Client consensus on beliefs about abstinence: effects on substance abuse treatment outcomes.
ABSTRACT Organizational culture, as evinced by consensus regarding staff and client beliefs and values, has been shown to affect client engagement in residential substance abuse treatment. The present paper extends this work to treatment outcomes. Secondary analysis of data from a "Beliefs About Abstinence Scale," used in the Drug Abuse Treatment Outcomes Study (DATOS), was conducted for 76 programs, including outpatient methadone treatment, outpatient drug-free, short-term inpatient, and long-term residential programs. Findings show that higher levels of client consensus after 1 month of treatment were associated with less use of drugs and alcohol at 1-year follow-up, after controlling for the mean of the scale score, gender, age, client substance use at baseline and treatment modality. The implications of the results for substance abuse treatment are discussed.
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ABSTRACT: Staff interactions with their clients are an important factor in the quality of care that is provided to people in drug treatment. Yet there is very little research that addresses staff attitudes or clients' perceptions of discrimination and prejudice by staff with regard to treatment outcomes. This research aimed to assess whether perceptions of discrimination by staff predict drug treatment completion. The study used a mixed methods approach. Ninety-two clients in residential rehabilitation facilities in Sydney were administered a series of quantitative measures assessing drug history, severity of drug use, treatment history, perceptions of staff discrimination and treatment motivation. Clients were followed up regularly until an outcome (dropout or completion) was obtained for the full sample. Perceptions of discrimination were a significant predictor of treatment completion, with greater perceived discrimination associated with increased dropout. Qualitative interviews with 13 clients and eight health-care workers from these treatment services were then conducted to gain insight into how perceived discrimination may impact on treatment experiences. Clients and staff discussed how they would address the issue of perceived discrimination during the current treatment experience. Adopting a mixed methods approach facilitated exploration of the impact of perceived discrimination on treatment from both clients' and health-care workers' perspectives. This methodology may also enhance interpretation and utilisation of these findings in drug treatment.Drug and Alcohol Review 09/2010; 29(5):491-7. · 1.55 Impact Factor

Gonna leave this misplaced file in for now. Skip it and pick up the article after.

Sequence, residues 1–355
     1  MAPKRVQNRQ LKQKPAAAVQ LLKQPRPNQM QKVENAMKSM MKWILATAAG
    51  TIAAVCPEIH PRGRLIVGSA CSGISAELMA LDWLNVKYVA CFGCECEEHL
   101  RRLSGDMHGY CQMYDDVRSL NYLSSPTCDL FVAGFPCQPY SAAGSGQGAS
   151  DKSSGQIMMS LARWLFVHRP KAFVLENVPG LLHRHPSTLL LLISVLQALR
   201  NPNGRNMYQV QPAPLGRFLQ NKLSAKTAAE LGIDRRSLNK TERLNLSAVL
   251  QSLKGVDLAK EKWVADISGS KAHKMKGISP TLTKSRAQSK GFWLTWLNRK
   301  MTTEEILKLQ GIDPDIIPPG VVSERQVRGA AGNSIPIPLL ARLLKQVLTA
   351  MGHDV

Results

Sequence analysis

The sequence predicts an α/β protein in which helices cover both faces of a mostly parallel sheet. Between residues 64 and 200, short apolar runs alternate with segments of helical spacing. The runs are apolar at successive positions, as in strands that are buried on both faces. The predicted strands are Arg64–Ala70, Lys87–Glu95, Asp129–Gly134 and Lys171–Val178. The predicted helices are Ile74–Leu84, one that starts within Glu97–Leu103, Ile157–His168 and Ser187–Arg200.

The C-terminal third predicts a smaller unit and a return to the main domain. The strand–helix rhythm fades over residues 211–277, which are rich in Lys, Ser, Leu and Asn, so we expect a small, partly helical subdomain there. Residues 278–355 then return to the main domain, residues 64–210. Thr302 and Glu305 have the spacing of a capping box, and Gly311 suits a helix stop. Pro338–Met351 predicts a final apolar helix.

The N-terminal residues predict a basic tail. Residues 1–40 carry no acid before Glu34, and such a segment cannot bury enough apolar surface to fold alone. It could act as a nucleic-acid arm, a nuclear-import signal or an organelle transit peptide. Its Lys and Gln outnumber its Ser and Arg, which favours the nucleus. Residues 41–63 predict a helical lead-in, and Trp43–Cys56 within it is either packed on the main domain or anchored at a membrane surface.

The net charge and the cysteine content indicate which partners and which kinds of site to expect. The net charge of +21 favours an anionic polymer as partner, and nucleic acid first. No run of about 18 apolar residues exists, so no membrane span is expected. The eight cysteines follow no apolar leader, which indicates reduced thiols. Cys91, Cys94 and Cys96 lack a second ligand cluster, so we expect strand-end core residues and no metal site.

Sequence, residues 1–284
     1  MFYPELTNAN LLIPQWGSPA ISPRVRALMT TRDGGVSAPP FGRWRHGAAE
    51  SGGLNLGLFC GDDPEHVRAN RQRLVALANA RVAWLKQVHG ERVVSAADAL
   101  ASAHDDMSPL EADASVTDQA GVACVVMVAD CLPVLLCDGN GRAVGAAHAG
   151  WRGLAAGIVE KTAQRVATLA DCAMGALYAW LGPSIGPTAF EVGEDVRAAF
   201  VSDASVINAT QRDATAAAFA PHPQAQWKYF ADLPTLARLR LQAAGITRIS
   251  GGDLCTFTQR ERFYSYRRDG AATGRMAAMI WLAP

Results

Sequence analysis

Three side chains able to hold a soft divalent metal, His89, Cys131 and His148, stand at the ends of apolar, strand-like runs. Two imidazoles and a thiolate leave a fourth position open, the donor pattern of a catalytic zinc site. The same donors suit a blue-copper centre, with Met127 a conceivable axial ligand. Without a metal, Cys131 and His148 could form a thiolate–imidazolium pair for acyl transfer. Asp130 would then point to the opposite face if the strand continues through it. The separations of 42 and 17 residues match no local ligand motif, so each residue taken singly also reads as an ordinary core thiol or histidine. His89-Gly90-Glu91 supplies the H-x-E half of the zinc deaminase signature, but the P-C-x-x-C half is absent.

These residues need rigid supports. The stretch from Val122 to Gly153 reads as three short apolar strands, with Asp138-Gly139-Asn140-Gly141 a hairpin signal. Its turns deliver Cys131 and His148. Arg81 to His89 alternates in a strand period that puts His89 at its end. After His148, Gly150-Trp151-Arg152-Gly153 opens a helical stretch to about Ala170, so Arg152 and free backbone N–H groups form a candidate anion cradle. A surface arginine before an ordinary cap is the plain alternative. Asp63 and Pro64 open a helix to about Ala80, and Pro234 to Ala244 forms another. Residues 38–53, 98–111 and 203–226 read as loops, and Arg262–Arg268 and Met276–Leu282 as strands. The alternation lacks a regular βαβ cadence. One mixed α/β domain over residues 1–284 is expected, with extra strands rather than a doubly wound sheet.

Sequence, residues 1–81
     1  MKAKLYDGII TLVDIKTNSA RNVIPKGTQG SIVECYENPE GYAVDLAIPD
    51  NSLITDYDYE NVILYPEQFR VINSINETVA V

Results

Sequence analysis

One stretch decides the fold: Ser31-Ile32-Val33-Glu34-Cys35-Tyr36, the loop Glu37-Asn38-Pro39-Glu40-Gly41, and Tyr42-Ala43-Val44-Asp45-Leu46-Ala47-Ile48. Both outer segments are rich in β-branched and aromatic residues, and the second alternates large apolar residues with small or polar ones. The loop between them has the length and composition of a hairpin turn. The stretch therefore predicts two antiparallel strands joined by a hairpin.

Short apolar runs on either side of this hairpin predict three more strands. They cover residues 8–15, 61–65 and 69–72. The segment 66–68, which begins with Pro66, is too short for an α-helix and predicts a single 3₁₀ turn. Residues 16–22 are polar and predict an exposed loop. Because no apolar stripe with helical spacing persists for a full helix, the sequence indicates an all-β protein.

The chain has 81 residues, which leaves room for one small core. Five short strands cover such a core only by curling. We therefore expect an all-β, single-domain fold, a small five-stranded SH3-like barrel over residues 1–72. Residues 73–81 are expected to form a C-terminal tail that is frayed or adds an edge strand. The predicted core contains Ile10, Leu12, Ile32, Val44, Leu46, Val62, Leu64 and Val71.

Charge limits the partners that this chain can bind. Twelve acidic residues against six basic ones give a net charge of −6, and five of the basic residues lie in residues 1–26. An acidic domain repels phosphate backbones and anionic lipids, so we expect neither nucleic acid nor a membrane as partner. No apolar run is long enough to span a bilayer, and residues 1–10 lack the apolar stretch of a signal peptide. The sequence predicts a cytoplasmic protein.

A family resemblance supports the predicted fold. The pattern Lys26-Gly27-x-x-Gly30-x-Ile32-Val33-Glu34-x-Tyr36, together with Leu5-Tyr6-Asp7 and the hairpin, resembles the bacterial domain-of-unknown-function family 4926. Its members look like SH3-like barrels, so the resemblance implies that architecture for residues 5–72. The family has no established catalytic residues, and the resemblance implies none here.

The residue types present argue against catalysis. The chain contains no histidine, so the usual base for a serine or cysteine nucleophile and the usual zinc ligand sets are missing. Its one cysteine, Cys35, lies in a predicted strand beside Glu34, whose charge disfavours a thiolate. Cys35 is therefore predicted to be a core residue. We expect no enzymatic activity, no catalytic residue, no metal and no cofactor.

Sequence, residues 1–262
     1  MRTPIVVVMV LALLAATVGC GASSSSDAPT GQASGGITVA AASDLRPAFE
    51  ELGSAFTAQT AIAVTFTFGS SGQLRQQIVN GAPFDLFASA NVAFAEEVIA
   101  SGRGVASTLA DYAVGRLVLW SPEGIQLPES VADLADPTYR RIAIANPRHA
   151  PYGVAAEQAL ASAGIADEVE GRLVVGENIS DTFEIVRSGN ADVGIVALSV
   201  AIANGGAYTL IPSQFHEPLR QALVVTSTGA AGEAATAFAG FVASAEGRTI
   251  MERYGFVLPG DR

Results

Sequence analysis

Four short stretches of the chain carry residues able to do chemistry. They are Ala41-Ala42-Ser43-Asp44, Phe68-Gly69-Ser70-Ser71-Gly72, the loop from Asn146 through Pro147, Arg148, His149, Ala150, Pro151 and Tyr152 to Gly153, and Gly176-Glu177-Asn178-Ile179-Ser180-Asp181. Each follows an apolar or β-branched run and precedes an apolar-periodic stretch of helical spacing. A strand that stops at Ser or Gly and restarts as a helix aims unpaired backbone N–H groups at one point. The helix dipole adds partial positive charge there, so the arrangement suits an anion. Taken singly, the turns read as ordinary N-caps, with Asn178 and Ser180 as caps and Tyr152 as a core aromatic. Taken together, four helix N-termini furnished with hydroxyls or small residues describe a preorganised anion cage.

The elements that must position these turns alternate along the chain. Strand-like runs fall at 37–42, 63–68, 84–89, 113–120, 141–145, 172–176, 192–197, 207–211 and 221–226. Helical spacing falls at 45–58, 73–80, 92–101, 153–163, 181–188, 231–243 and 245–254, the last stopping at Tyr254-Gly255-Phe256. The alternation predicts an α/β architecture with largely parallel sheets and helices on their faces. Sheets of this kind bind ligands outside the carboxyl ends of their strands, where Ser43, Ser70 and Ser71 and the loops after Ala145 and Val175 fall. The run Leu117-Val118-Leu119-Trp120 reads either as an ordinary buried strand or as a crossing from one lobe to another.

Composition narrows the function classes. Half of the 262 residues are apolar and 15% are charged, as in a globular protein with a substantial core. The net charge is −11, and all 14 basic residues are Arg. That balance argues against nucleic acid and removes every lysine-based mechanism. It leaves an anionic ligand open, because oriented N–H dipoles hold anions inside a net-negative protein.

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ABSTRACT: This study examined engagement in treatment in substance abuse treatment programs that treated primarily either African American or White clients. Findings showed higher levels of engagement in White programs; however, engagement of African Americans in White programs was similar to that of Whites and was greater than Whites in African American programs. No significant differences emerged when a mixed model analysis considered additional variables of staff consensus (regarding treatment elements), treatment climate, acceptance of Medicaid clients, the proportion mandated to treatment, and the quality of the physical space. Although African American programs may show poorer levels of engagement than White programs, attribution of engagement in treatment to client level race/ethnicity should be made with caution.Journal of Ethnicity in Substance Abuse 07/2011; 10(3):226-45.